Two types that are not addressed in the book, however, are interpersonal and intrapersonal intelligence. The authors don’t discuss how effective thinking can be used to resolve conflicts with peers, for example, or how it can be integrated into attempts to improve one’s emotional or mental well-being. The hope is that the reader would come away from the book with the ability to apply these principles to any situation, but the general direction of the book may not provide much guidance on how to apply these specifically to understanding and interacting with other people or understanding oneself deeply.
The book Crucial Conversations provides guidance on the optimal way to resolve interpersonal conflicts and indirectly applies some of the same principles we see in The 5 Elements of Effective Thinking, such as starting with the facts, taking things step by step, asking questions, and taking action based on what you’ve learned.
Emotional Intelligence by Daniel Goleman discusses similar issues regarding intrapersonal conflicts and growth, also addressing such aspects of effective thinking as building a knowledge base of emotional awareness, identifying and challenging our assumptions, and exploring through questioning.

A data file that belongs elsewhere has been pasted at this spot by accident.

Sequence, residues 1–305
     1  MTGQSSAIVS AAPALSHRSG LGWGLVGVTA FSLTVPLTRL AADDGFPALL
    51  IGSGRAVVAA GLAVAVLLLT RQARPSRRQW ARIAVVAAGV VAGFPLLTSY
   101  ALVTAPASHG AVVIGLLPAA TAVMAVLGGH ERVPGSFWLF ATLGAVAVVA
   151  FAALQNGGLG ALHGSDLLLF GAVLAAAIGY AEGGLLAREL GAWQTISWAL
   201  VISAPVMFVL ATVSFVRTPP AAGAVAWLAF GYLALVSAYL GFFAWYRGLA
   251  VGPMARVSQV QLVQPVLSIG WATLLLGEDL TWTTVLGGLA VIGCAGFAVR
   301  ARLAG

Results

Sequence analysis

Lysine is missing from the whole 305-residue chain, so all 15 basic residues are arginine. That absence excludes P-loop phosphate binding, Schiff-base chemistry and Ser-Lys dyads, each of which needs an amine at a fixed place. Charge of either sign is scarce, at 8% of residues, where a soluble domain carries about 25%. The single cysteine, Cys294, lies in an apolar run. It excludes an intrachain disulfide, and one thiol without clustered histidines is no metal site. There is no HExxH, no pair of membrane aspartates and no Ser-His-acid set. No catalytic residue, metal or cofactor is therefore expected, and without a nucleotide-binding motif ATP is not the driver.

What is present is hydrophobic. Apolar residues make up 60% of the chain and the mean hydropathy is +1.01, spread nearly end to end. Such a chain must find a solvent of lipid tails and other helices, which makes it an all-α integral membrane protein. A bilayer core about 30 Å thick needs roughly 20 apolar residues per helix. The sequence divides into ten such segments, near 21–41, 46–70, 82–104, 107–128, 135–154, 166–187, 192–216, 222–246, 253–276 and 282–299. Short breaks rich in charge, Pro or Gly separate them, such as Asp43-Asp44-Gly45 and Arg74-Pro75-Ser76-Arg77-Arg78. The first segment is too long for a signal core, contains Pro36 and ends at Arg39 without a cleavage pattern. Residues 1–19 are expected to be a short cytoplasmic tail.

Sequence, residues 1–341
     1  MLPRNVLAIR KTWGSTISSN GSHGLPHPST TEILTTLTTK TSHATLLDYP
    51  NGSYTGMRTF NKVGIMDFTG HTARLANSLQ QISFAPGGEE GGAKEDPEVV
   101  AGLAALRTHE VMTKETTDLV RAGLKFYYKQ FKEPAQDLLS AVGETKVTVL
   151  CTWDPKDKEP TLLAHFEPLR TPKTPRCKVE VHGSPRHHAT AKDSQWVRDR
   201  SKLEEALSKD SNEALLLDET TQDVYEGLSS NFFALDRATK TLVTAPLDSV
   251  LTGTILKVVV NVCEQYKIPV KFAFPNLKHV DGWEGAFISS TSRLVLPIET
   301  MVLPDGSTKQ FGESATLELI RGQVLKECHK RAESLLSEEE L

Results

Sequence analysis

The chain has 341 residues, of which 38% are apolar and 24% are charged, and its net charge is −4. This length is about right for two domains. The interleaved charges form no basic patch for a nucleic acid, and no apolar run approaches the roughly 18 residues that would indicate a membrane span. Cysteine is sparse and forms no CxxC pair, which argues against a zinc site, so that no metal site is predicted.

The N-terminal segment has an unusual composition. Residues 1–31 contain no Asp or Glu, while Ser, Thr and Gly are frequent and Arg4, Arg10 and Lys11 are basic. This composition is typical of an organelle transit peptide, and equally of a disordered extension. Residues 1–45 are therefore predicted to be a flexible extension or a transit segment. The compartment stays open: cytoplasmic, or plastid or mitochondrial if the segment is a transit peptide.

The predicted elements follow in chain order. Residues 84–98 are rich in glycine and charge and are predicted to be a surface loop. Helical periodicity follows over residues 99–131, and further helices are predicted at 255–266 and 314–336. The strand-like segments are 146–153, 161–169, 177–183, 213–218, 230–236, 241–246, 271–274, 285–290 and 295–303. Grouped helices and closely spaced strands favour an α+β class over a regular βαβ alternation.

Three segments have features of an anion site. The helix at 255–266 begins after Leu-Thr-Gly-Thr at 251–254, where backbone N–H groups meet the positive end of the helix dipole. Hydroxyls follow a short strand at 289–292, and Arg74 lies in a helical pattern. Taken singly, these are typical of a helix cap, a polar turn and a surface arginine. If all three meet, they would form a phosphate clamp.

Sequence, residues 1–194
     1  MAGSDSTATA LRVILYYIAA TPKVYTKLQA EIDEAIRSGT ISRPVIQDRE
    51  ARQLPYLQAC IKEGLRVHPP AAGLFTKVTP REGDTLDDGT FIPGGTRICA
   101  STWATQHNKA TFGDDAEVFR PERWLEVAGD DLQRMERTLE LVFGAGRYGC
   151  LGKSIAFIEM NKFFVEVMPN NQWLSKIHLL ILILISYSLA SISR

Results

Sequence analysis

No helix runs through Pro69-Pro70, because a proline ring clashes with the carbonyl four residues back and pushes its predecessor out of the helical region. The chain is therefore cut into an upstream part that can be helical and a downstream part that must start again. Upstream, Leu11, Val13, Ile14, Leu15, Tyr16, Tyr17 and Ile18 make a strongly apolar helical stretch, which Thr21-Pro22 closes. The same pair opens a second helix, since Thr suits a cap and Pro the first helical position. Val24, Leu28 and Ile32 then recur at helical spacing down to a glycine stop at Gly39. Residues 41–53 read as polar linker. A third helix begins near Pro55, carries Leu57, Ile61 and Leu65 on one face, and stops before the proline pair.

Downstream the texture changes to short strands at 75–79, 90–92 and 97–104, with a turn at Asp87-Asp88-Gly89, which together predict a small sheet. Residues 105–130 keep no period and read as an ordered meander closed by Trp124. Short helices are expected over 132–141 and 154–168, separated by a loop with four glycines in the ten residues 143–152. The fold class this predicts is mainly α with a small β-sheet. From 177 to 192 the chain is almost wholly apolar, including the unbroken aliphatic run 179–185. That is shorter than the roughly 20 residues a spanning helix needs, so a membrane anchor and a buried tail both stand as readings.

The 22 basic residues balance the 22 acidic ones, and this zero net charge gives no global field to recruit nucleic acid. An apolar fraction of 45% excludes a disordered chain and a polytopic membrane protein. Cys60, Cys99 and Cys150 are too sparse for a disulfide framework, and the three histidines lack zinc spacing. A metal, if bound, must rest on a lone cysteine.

Exercise: Use Effective Thinking to Solve a Problem
Applying the principles of effective thinking will help you better understand a problem and guide your next steps in solving it. Think of a problem in your life that you’re trying to solve right now, big or small (but be specific). We’ll walk through the steps of thinking effectively about this problem to better solve it.
- First, establish your foundational knowledge. What do you already know about this problem? What is its context? What are the factors contributing to it? What effect does it have on you or the world? Note any gaps you find in your knowledge.
- Next, think about how you might learn through trial and error. How might you experiment with a possible solution? How might you purposefully create a mistake? (Is there an extreme situation you might apply your problem to?)
- Then, ask questions: What facts might you be taking for granted? Is there a “what if” scenario you can think of?
- Now, using your foundational knowledge and what you have learned from the previous question, what is the next step for this problem? How will solving this problem affect you or the world? And finally, what change will you enact to work toward solving the problem?
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- The 5 principles for learning to think effectively
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- Why you need to be willing to change if you want to learn